Duck confit, marinated watermelon rind and vegetable burgers are on the menu.
SEATTLE – The Climate Pledge Arena menu helps sportsmen and concert goers expand their concession expectations.
There are traditional options like burgers, fries, and fried chicken sandwiches.
But Climate Collective Executive Chef Molly DeMers also incorporates fine dining concepts into the menu, with an emphasis on sustainability and supporting local businesses.
An example? Duck confit. The meat is brined for 24 hours, then immersed in duck fat for another 22 hours.
While this looks like something that would only be available in luxury suites, the dish is actually sold in the upper hall of the Coors Light booth.
DeMers believes good food should be available to all ticket holders.
“All of these items are available in the lobby, on the upper level and in the main lobby,” she said.
The same goes for the official Seattle Kraken burger – an impossible plant-based burger. There’s also a meatball sandwich created from a recipe from downtown Seattle’s Salumi deli.
The most popular item is a Baked Hasselback Potato topped with Beecher Cheese and Pop Rocks Bacon, created with help from Spiceology at Spokane.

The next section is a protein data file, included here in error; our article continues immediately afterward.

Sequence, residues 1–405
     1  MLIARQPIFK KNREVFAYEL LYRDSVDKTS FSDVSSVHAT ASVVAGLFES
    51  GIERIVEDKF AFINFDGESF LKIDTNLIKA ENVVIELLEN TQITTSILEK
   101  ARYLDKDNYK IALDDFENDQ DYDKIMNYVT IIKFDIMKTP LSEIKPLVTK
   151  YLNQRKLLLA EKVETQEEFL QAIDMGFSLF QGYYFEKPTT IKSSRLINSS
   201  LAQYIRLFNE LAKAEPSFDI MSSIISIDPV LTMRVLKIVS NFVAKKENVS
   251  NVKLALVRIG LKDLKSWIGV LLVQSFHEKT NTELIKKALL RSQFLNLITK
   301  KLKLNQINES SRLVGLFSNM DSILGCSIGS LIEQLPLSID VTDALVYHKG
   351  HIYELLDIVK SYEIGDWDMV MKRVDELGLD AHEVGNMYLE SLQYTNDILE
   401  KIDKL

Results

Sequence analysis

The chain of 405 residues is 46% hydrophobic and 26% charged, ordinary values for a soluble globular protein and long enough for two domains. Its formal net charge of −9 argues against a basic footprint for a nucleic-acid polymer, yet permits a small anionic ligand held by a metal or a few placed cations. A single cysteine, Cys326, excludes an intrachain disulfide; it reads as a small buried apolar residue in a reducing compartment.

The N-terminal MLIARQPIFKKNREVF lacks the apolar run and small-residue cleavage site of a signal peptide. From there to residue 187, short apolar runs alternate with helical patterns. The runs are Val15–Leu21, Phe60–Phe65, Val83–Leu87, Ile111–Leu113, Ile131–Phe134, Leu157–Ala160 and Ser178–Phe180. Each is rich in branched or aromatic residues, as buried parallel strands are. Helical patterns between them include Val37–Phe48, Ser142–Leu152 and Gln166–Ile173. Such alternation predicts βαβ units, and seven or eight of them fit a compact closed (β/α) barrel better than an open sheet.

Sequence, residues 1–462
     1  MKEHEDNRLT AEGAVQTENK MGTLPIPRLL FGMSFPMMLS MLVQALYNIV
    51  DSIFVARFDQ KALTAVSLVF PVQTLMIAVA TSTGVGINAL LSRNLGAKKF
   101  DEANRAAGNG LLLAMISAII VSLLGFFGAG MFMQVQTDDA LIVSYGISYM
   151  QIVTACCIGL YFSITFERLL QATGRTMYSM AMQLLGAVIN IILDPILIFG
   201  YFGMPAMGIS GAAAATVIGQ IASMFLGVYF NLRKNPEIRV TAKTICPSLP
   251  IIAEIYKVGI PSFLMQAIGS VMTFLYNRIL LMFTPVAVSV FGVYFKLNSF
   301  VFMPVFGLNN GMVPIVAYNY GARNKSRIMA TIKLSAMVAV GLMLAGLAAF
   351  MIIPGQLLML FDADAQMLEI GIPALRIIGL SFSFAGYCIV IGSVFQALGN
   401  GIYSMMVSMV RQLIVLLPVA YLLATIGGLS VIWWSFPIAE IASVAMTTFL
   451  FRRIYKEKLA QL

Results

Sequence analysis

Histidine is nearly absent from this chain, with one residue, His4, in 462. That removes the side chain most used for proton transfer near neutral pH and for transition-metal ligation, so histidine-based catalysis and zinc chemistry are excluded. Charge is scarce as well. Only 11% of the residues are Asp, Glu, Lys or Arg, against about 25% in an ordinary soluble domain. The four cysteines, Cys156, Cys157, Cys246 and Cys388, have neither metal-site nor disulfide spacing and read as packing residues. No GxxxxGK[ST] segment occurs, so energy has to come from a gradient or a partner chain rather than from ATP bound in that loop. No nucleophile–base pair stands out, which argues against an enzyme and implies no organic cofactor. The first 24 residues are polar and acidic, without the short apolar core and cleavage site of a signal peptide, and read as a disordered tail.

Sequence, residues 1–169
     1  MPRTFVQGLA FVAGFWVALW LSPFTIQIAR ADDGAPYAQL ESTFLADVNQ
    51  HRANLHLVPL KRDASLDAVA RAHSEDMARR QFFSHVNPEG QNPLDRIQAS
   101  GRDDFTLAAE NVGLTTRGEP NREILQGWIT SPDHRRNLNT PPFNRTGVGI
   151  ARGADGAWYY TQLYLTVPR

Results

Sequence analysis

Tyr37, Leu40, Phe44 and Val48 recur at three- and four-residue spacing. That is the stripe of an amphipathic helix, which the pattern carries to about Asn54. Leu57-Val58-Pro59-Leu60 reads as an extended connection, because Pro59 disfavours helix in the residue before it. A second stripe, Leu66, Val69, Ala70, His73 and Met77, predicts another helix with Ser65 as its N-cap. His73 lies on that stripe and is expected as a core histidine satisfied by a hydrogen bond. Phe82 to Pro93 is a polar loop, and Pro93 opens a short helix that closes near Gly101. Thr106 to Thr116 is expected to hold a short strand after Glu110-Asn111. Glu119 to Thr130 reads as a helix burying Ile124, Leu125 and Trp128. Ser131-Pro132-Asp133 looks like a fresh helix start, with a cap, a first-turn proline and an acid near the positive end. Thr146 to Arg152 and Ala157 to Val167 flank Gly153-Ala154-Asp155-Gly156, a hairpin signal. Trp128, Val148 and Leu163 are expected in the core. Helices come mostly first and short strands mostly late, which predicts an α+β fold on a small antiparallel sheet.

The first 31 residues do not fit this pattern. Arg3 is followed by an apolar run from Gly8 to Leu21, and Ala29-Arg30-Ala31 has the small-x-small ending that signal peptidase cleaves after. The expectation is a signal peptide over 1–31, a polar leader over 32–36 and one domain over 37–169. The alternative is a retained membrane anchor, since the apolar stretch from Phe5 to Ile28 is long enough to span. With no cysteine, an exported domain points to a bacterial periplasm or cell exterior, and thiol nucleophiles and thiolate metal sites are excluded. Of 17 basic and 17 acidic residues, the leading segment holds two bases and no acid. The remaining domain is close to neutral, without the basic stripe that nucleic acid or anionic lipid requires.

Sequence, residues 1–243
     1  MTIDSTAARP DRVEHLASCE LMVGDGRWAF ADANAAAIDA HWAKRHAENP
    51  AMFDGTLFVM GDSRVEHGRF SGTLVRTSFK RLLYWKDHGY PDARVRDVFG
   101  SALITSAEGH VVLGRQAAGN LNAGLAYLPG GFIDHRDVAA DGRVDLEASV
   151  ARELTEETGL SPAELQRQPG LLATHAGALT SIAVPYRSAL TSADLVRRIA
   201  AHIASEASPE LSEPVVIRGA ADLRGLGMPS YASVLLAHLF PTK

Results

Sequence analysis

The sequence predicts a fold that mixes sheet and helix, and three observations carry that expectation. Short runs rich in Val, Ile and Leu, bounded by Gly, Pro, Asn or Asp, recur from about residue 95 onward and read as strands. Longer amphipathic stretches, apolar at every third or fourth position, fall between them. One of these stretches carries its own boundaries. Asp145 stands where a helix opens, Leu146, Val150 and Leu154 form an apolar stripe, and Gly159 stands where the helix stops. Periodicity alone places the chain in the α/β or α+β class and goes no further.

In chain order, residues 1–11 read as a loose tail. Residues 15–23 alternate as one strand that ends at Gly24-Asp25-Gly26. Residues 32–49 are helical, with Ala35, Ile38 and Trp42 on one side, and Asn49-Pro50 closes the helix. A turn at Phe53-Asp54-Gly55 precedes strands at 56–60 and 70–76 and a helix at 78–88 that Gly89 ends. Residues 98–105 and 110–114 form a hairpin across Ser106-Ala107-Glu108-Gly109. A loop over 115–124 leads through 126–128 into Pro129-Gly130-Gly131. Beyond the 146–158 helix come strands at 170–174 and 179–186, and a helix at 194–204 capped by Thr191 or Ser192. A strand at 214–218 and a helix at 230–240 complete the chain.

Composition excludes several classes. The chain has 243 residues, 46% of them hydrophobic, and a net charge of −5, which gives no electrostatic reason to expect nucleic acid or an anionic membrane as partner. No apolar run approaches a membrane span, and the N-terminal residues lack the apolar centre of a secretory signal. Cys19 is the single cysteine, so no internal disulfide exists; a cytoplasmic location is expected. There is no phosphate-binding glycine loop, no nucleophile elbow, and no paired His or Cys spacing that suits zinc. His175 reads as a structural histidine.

“It’s crackling in your mouth, it’s a really exciting time, and I hope the kids eat this and can’t wait to bring their generations in after this,” DeMers said.
If you’re in the mood for more classic arena options, try the Kraken Sausage made by Ferndale-based Hempler’s. It’s inspired by the famous Seattle dog, except the cream cheese, onions, and bacon are in the casing itself.
“When you bite into a hot dog, you’ll wonder why it’s never been done before,” DeMers said with a laugh. “That’s what I think, it’s super good.”
There’s also a variation on the tried-and-true mozzarella stick – at Climate Pledge, they’re homemade “mozzarella bricks” with a side of baked marinara.
“I wanted to take it to the next level, so we made them bigger and shareable so you could definitely have that human experience again with your friends,” DeMers said.
For traditional beef burgers, DeMers sources their protein from a sustainable farm in Royal City. And in the spirit of zero waste, the “Climate Collective Bowl” features greens that otherwise would end up in compost bins – like roasted strawberry tips and pickled watermelon rind.
They also grow wheatgrass and other crops on site.
“75% of our ingredients are sourced locally within a 300 mile radius,” she said. “For years they always said it couldn’t be done on a large scale, and we’re here to prove them wrong.